Indiana native and award-winning singer, songwriter and producer Kenneth “Babyface” Edmonds received an honorary doctoral degree from IU.
Around 300 people gathered Oct. 18 in the IU Auditorium to see Edmonds get his degree. Four Herald Trumpeters began the ceremony as trustees, President Michael McRobbie, Edmonds and more took the stage dressed in robes.
“Honorary degrees recognize people of great integrity, who have made profound and enduring contributions to their field,” Provost Lauren Robel said in her welcoming speech. “I really can think of no better recipient for this honor than Mr. Edmonds.”
Edmonds has received 11 Grammys for his work, as well as a three-year run as producer of the year. He has worked with artists such as Madonna, Beyoncé, Aretha Franklin and Michael Jackson. Edmonds said as a young man, he was generally very quiet because he wasn’t sure what to say or how to say it.
“I didn’t have a voice,” Edmonds said. “Music — throughout elementary school and junior high school, through high school — it’s what gave me a voice.”
McRobbie began the ceremony by briefly discussing Edmonds’ life, saying that his first concert was the Jackson 5 in sixth grade, and how Edmonds later went on to interview the band when he was in eighth grade by contacting the concert promoter and pretending to be his English teacher.
“Mr. Edmonds realized early on that in order to achieve his goals it would be important to closely study the practices and techniques of successful songwriters and musicians,” McRobbie said.
Of the four speeches that were given at the ceremony was Daryl Simmons, songwriter, musician, music producer and friend of Edmonds.
“When I was asked to speak today about my dear friend and songwriting partner Kenny Edmonds, it occurred to me that in the 47 years that I’ve known him, have been friends and have been working together, I had never been asked to do so,” Simmons said. “He’s never needed me or anyone, actually, to speak about him, because his music has spoken for him many, many times over.”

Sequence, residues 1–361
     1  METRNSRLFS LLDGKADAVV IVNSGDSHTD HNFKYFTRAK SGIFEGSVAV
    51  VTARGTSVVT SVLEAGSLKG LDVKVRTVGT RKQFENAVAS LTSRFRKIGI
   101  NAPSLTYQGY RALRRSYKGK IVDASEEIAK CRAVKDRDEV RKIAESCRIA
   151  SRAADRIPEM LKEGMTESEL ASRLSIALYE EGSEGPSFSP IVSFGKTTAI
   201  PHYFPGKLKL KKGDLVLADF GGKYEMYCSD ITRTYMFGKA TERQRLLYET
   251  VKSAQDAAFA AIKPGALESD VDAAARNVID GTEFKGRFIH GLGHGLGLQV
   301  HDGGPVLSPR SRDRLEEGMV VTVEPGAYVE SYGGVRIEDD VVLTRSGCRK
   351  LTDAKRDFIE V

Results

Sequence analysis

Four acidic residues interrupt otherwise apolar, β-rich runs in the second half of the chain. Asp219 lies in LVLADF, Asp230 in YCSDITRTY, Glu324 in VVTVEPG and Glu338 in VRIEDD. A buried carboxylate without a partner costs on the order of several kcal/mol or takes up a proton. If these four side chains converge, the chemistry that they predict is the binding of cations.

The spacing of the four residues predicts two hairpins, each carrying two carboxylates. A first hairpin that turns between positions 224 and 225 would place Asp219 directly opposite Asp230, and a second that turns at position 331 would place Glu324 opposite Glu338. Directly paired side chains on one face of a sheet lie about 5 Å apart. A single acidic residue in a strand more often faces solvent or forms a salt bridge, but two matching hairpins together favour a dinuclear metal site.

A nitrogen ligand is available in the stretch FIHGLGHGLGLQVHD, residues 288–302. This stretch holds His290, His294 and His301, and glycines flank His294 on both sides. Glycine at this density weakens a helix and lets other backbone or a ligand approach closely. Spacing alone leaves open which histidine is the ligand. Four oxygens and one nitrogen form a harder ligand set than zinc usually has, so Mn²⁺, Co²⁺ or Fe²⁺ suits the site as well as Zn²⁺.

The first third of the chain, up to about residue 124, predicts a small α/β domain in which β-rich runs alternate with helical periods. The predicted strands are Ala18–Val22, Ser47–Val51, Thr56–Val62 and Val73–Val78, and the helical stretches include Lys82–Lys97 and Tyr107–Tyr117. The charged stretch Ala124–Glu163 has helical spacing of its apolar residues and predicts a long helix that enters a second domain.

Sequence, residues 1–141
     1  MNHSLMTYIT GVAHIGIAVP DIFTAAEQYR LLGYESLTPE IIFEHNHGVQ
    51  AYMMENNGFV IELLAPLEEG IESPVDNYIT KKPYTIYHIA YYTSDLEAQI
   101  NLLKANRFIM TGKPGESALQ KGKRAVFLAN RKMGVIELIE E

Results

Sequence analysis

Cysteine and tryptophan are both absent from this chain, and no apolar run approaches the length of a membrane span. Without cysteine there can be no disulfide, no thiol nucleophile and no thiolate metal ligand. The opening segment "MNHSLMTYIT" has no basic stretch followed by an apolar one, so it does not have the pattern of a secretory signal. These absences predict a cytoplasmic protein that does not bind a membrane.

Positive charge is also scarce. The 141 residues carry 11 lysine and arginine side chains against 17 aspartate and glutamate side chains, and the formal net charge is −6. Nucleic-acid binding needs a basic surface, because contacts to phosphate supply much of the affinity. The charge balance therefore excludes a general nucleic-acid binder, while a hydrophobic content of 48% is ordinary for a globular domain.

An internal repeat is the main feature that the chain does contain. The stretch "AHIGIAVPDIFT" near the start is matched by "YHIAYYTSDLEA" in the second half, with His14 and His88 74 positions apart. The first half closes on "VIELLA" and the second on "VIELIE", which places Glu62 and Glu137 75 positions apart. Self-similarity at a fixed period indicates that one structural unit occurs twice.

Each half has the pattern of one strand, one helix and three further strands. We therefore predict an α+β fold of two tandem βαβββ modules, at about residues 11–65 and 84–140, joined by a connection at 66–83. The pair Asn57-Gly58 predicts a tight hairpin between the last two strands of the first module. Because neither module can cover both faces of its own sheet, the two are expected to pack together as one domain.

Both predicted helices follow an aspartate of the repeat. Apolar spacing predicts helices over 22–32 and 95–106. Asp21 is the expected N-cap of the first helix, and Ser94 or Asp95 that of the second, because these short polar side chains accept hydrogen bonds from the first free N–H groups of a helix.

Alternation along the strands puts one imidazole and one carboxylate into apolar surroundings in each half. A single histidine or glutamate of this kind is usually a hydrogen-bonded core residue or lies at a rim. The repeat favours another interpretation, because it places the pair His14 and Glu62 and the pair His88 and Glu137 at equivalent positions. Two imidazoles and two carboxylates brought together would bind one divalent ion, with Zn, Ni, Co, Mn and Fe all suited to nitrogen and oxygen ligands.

Following the speeches and welcomes given by McRobbie, Robel, Simmons and James Wimbush, Vice President for Diversity, Equity and Multicultural Affairs, Edmonds was escorted across the stage to receive his degree.
After emptying his pockets and handing someone his phone, gaining a laugh from the audience as he gave them a thumbs up, Edmonds made his way across the stage escorted by Wimbush.
Following the ceremony was a Q&A with Edmonds and James A. Strong, who said it was his idea to give Edmonds the honorary doctoral degree.
During the Q&A, Strong and Edmonds discussed topics from what the doctoral degree means to him to what it was like for him to learn to play a right-handed guitar as a left-handed man.
When asked about his work ethic, he said he doesn’t consider his job to be work.
He loves writing and creating, he said, and he loves the art of the music. He said he has to pinch himself sometimes when he thinks about the life that he has lived.
“I’ve met very important people in this world — I’ve met people that are like, uber rich, and I’ve met those that aren’t, and those from all walks of life,” Edmonds said. “Everybody has something to give me that I can learn from.”
Like what you're reading? Support independent, award-winning college journalism on this site. Donate here.
More in Arts
The gallery has about 1,400 pieces on display but has nearly 45,000 in its possession.
A day-long workshop for teen girls interested in jazz will precede the event.
The Jacobs event will include pieces inspired by poets Nicolás Guillén and Langston Hughes.